Gilbert Baker, Rainbow Warrior: My Life in Color. Chicago Review Press, 2019. 256 pp.

The late Gilbert Baker was a revolutionary advocate cut from a different cloth. With a “#14 needle, 1,000 yards of muslin, 10 pounds of natural dye in eight colors, and 100 pounds of salt and ash,” he raised an international symbol of LGBTQ+ freedom and truth. Baker’s memoir, Rainbow Warrior: My Life in Color, recounts his journey from his upbringong as a gay boy in small-town America to unfurling into the creator of the Pride Flag and as an artist, and flying high as an outspoken activist. The story of his uncommon journey is full of camp, delightfully irreverent, and escpecially poignant given the 50th anniversary of the Stonewall uprising this year.

Baker deftly threads his oppressive and stifling childhood in 1950’s Kansas, and his equally terror-ridden military experience, into his narrative. He recounts secretly dancing in his aunt’s old prom dress and obsessing over art and music. Conflicted by the “pain of rejection and shame of failure,” he coped with dreams of a life over the rainbow. These dreams were overshadowed by protests from his parents over why he couldn’t be normal. Baker needed an escape, being gay in Kansas wasn’t safe.

His escape came through a two-year Army enlistment. Lying about his gayness, Baker signed up for terror and abuse at the hands of his commanding officer before filing as a conscientious objector. Instead, the Army listed him as a medic and ordered him to San Francisco, just as the gay rights movement was gathering momentum. Baker knew he was never returning to Kansas.

Barely 30 pages in, the universe was in ecstatic motion and Baker was the current flowing within.

\He offers readers an intimate look at the early LGBTQ+ rights movement with all its glorious political infighting and the seesawing between grassroots activists and corporate sponsors. It’s also an intimate portrait of a gender-free individual redefining gender and power during a civil rights uprising. Energy for sexual liberation and the struggle against social injustice pulses throughout the book.

Rainbow Warrior is a lively and dramatic read through the eyes of the larger-than-life and passionate creator of the iconic Pride Flag. Smartly composed, his infectious charisma oozes through anecdotes as he recalls fast friendships and his early activist days with the likes of Harvey Milk and Cleve Jones. Rainbow Warrior devotes much of its time to Baker’s association with each of these LGBTQ+ activists.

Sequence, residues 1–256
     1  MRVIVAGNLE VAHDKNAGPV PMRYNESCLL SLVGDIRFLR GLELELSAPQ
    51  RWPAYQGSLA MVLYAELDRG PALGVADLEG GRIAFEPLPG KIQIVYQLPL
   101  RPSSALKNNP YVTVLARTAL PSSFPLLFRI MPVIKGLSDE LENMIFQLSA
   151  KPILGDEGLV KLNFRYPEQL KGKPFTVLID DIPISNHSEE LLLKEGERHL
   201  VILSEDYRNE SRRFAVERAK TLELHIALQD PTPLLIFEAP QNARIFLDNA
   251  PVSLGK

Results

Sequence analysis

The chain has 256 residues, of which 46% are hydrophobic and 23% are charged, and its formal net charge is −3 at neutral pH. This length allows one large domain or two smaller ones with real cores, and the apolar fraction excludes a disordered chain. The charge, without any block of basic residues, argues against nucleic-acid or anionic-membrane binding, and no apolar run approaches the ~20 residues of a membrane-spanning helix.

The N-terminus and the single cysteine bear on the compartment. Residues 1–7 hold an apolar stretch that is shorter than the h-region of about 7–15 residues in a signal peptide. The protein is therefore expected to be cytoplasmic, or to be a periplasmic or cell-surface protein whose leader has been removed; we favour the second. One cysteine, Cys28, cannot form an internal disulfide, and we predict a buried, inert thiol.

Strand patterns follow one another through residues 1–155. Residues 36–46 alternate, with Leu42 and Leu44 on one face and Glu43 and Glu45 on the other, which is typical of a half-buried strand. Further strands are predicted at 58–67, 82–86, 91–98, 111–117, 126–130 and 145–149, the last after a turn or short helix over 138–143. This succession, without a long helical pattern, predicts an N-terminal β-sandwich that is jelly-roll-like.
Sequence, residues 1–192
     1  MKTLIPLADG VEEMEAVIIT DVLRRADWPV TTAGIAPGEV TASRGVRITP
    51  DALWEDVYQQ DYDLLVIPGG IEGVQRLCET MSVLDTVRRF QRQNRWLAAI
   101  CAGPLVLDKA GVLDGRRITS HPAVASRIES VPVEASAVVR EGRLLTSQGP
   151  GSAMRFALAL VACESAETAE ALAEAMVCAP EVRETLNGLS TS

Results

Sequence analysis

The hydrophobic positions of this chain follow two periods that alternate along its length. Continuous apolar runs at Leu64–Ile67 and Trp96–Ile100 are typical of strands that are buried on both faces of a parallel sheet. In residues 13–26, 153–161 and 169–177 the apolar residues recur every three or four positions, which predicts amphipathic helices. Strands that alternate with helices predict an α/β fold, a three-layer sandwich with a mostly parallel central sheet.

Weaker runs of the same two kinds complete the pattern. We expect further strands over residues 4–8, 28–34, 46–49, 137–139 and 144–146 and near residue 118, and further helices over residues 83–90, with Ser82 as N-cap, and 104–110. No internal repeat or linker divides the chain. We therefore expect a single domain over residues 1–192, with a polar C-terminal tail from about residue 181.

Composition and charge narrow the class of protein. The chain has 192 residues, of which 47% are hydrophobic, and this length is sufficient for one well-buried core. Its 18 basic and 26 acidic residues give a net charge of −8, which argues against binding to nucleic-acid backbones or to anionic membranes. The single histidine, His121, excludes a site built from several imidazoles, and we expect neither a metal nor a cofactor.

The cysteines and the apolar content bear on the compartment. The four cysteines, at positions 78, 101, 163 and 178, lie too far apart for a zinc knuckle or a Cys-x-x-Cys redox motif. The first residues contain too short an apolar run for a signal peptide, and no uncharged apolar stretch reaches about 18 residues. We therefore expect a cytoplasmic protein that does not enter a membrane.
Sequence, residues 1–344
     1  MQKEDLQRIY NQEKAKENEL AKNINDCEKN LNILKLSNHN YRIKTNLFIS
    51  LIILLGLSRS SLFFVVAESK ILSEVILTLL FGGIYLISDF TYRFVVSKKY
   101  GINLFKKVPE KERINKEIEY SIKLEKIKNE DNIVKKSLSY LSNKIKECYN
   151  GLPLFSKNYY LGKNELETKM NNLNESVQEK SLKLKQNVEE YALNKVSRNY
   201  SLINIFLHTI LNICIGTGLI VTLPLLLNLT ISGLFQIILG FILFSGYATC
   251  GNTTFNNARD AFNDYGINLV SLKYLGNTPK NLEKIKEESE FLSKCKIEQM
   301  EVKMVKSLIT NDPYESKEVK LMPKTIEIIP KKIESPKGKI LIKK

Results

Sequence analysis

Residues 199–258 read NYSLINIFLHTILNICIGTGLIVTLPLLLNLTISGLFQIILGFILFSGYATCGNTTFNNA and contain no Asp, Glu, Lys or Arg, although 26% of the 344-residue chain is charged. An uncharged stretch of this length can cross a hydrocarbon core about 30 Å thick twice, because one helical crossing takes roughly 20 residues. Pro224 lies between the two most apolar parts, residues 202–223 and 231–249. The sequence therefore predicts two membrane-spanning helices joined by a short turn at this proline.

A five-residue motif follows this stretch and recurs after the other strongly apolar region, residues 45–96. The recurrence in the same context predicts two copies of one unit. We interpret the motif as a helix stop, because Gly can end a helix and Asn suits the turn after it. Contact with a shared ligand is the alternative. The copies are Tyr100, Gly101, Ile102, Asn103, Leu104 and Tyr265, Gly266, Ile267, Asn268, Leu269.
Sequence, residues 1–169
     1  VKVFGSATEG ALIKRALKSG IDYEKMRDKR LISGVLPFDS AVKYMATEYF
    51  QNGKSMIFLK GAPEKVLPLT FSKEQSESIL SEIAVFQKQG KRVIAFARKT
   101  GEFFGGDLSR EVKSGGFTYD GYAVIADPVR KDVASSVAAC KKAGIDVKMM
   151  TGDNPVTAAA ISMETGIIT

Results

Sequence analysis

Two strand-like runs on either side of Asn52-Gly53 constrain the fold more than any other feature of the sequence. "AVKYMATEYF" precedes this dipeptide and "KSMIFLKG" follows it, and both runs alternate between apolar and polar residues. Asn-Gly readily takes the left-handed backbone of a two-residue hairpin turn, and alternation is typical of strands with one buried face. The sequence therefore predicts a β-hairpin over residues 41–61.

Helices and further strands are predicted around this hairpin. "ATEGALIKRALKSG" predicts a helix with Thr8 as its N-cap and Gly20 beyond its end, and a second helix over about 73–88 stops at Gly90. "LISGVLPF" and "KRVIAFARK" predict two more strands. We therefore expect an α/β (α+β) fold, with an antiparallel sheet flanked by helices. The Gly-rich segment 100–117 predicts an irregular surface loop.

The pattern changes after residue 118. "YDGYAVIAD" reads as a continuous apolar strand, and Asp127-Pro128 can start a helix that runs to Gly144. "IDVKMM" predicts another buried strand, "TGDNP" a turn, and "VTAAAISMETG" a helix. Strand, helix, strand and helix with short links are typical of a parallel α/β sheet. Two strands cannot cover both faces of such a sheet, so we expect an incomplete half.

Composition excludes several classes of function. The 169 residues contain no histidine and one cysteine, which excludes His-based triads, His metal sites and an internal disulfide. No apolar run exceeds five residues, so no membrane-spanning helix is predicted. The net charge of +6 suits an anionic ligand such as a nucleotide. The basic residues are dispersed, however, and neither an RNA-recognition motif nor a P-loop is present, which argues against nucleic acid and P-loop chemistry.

Milk convinced the city of San Francisco to support the pride march in 1978 and requested a more celebratory symbol for the LGBTQ+ community. It only too Baker eleven days to hand-sew that symbol and launch the rainbow flag’s trajectory as a community icon and raise an “active proclamation of power” for the LGBTQ+ community. As Baker writes, the rioters at Stonewall just years before would have “their own symbol of liberation.”

Milk’s assassination not long after and Reagan’s presidency would threaten the “lavender tolerance and social acceptance” LGBTQ+ activists, like Baker, were fighting for. Baker survived prejudice through his art. First, it was through challenging social injustices and creating inclusive spaces with the Sisters of Perpetual Indulgence and later, through theater during the AIDS epidemic. Baker bore witness as the virus claimed many of his friends’ lives.

Most of the rest of the book is devoted to Baker’s creation of his record-setting, mile long pride flag for the 25th anniversary of Stonewall. He documents his often-contentious friendship and partnership with Cleve Jones, who secured funds for the project through a sponsorship from Stadtlanders. This colossal undertaking gave Baker a shot at consolidating the Pride flag’s legacy. Through anecdotes as colorful as his creation, he describes then newly-elected Mayor Rudy Giuliani’s attempt to push the anniversary march, and by extension the LGBTQ+ community, to the margins of New York City, as well as his often-fraught partnership with both Jones and Stadtlanders.

No spoilers here, so you’ll have to pick up your own copy to discover what came of the project and the aftermath.

Baker’s memoir is a pleasant read against the backdrop of the political progress for the LGBTQ+ community in the fifty years since Stonewall. We’ve witnessed marriage equality, a record and marked increase in representation in elected offices, sweeping bans on conversion therapy, and more states adopting gender-neutral designations on identification cards. While these wins signal a cultural sea change, the election of President Trump and recent anti-LGBTQ+ policy efforts demonstrate the potential dangers one election can present. Rainbow Warrior reminds us of the collaborative revolutionary steps the LGBTQ+ community must take to reclaim our power and ensure our survival.